It was a stark grey three story industrial rectangle.
‘I’d rather be dead than in this place,’ Jon thought. ‘I’ll die here in some cold sterile bed, instead of at home with my Harriet. Or at least with her ghost. I can’t breathe here; this place is like a coffin with me buried alive inside it.’
The thought of it sparked his claustrophobia. He began to sweat.
“I will see you soon my love,” he said.
Breakfast time at the ‘place’. The Lodge it was called. It was not like any lodge he knew of. Not like the hunting lodge in the deep woods at the edge of the green lake, surrounded by the tall pines that waved gentle in the wind. He and Harriet and their boy Magnus went there sometimes, on summer holidays, to fish for trout and hike the meadows. Not like the ski lodge halfway up the snow covered mountain that he and Harriet visited, when they were still young enough to ski. This place was a long grey block, a three story high concrete rectangle, sharp cornered. An institution, like a prison.
Walden brought him early to check him in then buggered off somewhere and left him alone in this strange place. Jon sat by himself at a table for four, up against the tall window in the dining hall, looking out over an open field from the third floor of ‘The Lodge’.
“I go home,” an old woman at a near table whispered to him.
“What? Are you speaking to me?” Jon turned, from gazing out the window, to see a small elderly Chinese woman, in a wheelchair, sitting at the table next to him. He wasn’t sure if she was talking to him or just babbling into thin air. Her three ‘non-Chinese’ companions were chatting over breakfast, all three continuously talking at the same time, all three with white hair perfectly coiffed, as if they had just made their way from the hairdresser, all of them dressed smartly for their breakfast outing, in The Lodge dining hall.
“I go home,” she whispered again, her head tilted towards Jon, her smiling eyes blinking quickly. Mrs. Chin’s hair was mostly still black as night, a noticeable contrast to her table mates.
“What? Speak up,” Jon said with an annoyed frown.
“She doesn’t speak English,” Mrs. Remple said, interrupting the group chat with her other companions.
“Soon,” Mrs. Chin said, leaning even closer towards Jon, smiling broadly, a blue eyetooth showing as she relayed her secret.
Harald Bluetooth instantly came to Jon’s mind at the sight of her tooth, a lone dark soldier standing attention amidst her otherwise pearly whites. He had taught about Bluetooth and many other Viking legends, though Bluetooth wasn’t high on the syllabus.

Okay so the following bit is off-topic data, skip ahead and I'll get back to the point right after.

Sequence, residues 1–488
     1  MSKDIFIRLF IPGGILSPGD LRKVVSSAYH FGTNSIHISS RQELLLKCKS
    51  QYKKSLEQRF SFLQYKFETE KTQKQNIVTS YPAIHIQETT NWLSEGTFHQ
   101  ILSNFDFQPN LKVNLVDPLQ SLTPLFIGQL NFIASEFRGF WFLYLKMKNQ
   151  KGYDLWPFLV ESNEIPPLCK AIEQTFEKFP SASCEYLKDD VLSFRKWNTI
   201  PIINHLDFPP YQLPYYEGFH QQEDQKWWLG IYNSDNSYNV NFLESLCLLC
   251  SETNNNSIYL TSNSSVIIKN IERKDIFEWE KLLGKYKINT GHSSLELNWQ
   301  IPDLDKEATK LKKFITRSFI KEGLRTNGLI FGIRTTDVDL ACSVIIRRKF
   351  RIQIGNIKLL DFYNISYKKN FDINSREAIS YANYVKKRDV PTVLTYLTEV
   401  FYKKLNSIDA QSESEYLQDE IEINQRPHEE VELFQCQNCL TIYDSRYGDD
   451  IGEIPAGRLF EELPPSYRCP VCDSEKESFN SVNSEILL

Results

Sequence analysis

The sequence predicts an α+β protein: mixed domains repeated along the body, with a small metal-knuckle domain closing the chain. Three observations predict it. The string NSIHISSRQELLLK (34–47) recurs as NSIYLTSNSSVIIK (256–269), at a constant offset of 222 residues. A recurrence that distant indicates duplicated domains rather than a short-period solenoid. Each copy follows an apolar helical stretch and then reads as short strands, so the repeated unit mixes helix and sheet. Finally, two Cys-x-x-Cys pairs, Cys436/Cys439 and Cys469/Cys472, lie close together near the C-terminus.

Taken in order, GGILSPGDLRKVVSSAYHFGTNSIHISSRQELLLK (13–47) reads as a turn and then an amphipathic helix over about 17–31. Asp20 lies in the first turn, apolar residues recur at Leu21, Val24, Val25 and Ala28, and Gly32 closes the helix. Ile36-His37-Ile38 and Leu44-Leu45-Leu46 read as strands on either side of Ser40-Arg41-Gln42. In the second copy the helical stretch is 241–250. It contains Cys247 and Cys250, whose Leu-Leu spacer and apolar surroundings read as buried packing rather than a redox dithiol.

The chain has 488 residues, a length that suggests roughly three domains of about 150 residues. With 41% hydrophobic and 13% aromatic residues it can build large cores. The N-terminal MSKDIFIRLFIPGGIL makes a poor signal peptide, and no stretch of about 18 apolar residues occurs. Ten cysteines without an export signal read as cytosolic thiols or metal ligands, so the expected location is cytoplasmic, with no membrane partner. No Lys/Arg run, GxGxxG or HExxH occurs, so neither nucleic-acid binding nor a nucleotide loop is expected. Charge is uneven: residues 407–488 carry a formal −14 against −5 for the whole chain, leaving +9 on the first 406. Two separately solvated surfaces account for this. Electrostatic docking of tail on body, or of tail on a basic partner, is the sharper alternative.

“Sounds like English to me,” Jon said as he returned his gaze out the tall third floor window, to see a boy throwing a frisbee in high arching loops over the open field. The boy’s dog chased and fetched the plastic disc, returning it obediently to his master after every throw. Tirelessly, both boy and dog. The boy was maybe twelve; the dog one of those really smart, fast dogs, that can herd sheep and probably understands at least six human languages.
‘I used to do that,’ Jon thought. ‘When I was that age. Though I tossed a stick, not a plastic saucer. And my dog was a brown mongrel, not a sheep herder dog. What was his name? Probably something mundane, like Spot or Fido.’
The dog’s name was Roger, son of Rex; named Roger after the radio call sign.
He turned back to look at the Chinese woman. Mrs. Chin was tiny, a bit frail, but her eyes still held the spark and bright innocence of youth long past. A friendly lady, sort of.
‘She looks a bit like Harriet, except for the eyes, and hair and she is much smaller. Poor Harriet. Or maybe she looks like Hallveig. Yes, Hallveig, Snorri’s last wife. Or at least what I’ve always imagined she looked like, with those exotic shaped eyes.’
A short Filipino woman, also with smiling eyes and a broad smile, dressed in starched pink scrubs, placed a bowl of oatmeal sprinkled with blueberries on the table in front of Jon.
“Just as your son said you liked, Mr. Magnusson,” she said. “Your room is ready; I’ll take you after your breakfast.”
“He’s my grandson,” Jon scowled. “My son is dead. And never mind, I already know where that room is.”